To summarize, the results demonstrate that lung neutrophil chemokines and necrosis are strong and statistically significant TB disease correlates in M.-tuberculosis-infected DO mice but that immune cytokines in the lung are not. Of the molecules that we measured, plasma CXCL1 appears to be the best biomarker for neutrophil-associated lung damage, which has been suggested previously in mice and in humans (Gopal et al., 2013).
Neutrophil chemokines can classify the disease status of M.-tuberculosis-infected mice
Statistical analyses and machine learning methods consistently identified similar cytokines and chemokines as being important from the 15 molecular features that we measured. ANOVA followed by Tukey's multiple comparison (MCT) tests identified cytokines and chemokines that could separate pairs of disease classes by using statistical significance (Table 2). These same cytokines and chemokines are inferred from direct observations (Fig. 3) and correlations (Table 1) such that supersusceptible DO mice had high lung TNF, CXCL1, CXCL2 and CXCL5 levels, and a high plasma CXCL1 concentration. Non-infected mice had low to no IFN-γ, IL-12, IL-2 or IL-10. However, ANOVA followed by MCT failed to identify molecules that could distinguish resistant and susceptible mice from each other. A limitation of ANOVA is that some statistical results do not make biological sense. For example, non-infected DO mice could not be identified by using ANOVA and MCT because the confidence interval for M. tuberculosis CFUs in resistant mice extended below zero. Thus, although ANOVA followed by MCT corroborated previous results, statistical analyses alone cannot discriminate the four classes of DO mice (supersusceptible, susceptible, resistant and non-infected) because there is no embedded classification method. This led us to use, for the first time in in vivo experimental M. tuberculosis research, machine learning methods to build testable classification models.
By using machine learning methods, we extracted the same molecular features that were strong disease correlates or had some statistical ability to distinguish classes: lung CXCL1, CXCL2, CXCL5, TNF, IFN-γ, IL-12; and two blood features – IL-2 and TNF. Although our data also contained three disease indicators (survival, percentage of peak body weight at euthanasia and M. tuberculosis CFU), these were purposefully excluded because the goal was to identify molecules capable of classifying disease status and discrimination of a non-infected state. For building and testing classification models, only data from individual mice with complete data – i.e. all 15 molecular features – were used. Thus, the training and model validation steps used N=70 DO mice from the first experiment that had been infected with 127±68 M. tuberculosis Erdman bacilli and N=8 non-infected DO mice. Multiple machine learning approaches were used, listed in the Materials and Methods. Of these, classification trees were pursued because they produced the most accurate models. Validation for the model used the standard leave-one-out cross-validation for training data (Fig. 4B). However, performance rates in training cannot be generalized. A more stringent approach to evaluate performance (accuracy in classifying disease status of DO and C57BL/6J mice) is to test the model using completely independent molecular data. Therefore, we tested the models using data from a completely independent experiment, again using only mice for which all 15 molecular parameters were available. This included N=55 DO mice and N=5 C57BL/6J mice from the second experiment that had been infected with 97±61 bacilli and N=3 non-infected DO mice.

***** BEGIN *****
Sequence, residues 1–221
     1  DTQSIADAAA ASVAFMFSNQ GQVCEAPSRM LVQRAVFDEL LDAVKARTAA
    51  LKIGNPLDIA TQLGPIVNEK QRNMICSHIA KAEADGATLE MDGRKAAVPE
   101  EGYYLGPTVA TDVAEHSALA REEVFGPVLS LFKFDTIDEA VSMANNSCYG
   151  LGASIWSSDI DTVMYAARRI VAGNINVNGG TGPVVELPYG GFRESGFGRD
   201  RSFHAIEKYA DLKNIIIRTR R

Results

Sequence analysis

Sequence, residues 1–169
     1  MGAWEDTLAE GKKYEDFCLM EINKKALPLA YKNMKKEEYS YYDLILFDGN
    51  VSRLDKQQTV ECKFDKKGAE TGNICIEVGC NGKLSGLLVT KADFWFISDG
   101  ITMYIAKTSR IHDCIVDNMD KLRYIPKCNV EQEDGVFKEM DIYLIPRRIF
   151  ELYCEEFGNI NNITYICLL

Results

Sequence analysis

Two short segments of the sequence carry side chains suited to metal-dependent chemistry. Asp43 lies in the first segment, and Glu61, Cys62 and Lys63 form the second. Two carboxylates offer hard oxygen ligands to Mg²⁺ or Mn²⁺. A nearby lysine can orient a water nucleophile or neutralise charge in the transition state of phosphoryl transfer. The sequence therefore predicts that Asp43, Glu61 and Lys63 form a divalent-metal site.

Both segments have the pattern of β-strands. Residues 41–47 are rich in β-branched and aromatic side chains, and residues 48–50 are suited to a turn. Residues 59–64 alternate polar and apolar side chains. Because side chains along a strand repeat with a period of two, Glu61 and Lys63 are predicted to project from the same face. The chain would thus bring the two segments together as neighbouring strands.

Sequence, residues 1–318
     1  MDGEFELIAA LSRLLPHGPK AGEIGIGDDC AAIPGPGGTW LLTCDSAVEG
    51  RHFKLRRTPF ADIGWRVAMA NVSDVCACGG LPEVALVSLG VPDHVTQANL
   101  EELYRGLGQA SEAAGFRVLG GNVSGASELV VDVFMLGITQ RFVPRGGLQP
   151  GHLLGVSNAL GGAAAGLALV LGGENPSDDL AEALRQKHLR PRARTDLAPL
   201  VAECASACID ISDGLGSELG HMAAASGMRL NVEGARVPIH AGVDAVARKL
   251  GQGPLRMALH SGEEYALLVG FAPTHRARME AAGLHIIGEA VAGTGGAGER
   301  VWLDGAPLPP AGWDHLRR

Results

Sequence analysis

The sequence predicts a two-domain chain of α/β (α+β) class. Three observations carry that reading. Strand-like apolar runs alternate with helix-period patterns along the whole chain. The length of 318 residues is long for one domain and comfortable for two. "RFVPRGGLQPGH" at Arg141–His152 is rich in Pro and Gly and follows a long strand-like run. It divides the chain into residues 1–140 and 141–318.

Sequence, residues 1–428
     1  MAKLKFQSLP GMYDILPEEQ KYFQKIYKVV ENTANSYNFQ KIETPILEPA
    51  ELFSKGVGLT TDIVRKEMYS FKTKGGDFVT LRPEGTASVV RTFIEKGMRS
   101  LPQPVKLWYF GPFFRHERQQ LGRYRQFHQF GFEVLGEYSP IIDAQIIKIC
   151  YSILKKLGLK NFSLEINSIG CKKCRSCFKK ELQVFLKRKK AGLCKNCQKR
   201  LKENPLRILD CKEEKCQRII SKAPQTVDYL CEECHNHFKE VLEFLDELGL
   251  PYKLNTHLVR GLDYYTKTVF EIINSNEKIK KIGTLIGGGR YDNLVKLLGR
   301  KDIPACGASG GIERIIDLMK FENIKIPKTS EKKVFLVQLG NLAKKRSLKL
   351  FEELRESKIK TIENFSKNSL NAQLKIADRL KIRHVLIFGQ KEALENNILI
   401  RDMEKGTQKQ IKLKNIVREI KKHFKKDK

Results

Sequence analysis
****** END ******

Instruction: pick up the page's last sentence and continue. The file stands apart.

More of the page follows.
When tested using independent data, classification trees using the strongest disease correlates [CXCL1, CXCL2, CXCL5 (Fig. 4) and TNF, CXCL1, CXCL2, CXCL5 (not shown)] gave the best results for classifying the disease status of DO mice – 77% and 58%, respectively. Of note, all C57BL/6J mice were correctly classified as resistant by all models. This reflects the widely recognized phenotype of C57BL/6 mice as compared with many other inbred strains of mice (reviewed in Beamer and Turner, 2005). Trees with TNF were problematic because they confused resistant with supersusceptible DO mice, which could reflect the different roles of TNF as a resistance requirement and disease correlate in inbred mice and humans (Law et al., 1996; Bekker et al., 1998, 2000; Juffermans et al., 1998; Ray et al., 2009; Fallahi-Sichani et al., 2010), and in DO mice (Table 1).
All combinations of important molecules were used to generate and test additional classification trees but performance was not improved, ranging between 38 and 61% (Table 3). Models with accuracy of >50% showed TNF to be a dominant feature. Models organized by anatomic site (i.e. lung alone, lung plus blood and plasma, blood and plasma alone) or by function (i.e. immune cytokines IL-2, IL-12, IFN-γ, IL-10) with or without TNF, and with or without CXCL1, CXCL2 and CXCL5 did not improve accuracy above that achieved using CXCL1, CXCL2 and CXCL5 (Fig. 4). Models using cytokine ratios also failed to discriminate supersusceptible, susceptible, resistant and non-infected DO mice (not shown).
To summarize, from the 15 molecule parameters that we measured, the disease status of DO mice and C57BL/6 mice was best classified using three neutrophil chemokines CXCL1, CXCL2 and CXCL5. This classification tree model was particularly good at discriminating supersusceptible DO mice from all other categories, confirming inferences from inspecting raw data (Fig. 3) and statistical analyses (correlations and ANOVA-MCT); this model also has the benefit of being performance-tested with independent data. However, the model was not perfect. It misclassified some resistant and susceptible DO mice, and misclassified non-infected DO mice as resistant in testing. We next investigated whether the format of the data influenced the selection of important molecular features and assessed how DO mice were misclassified.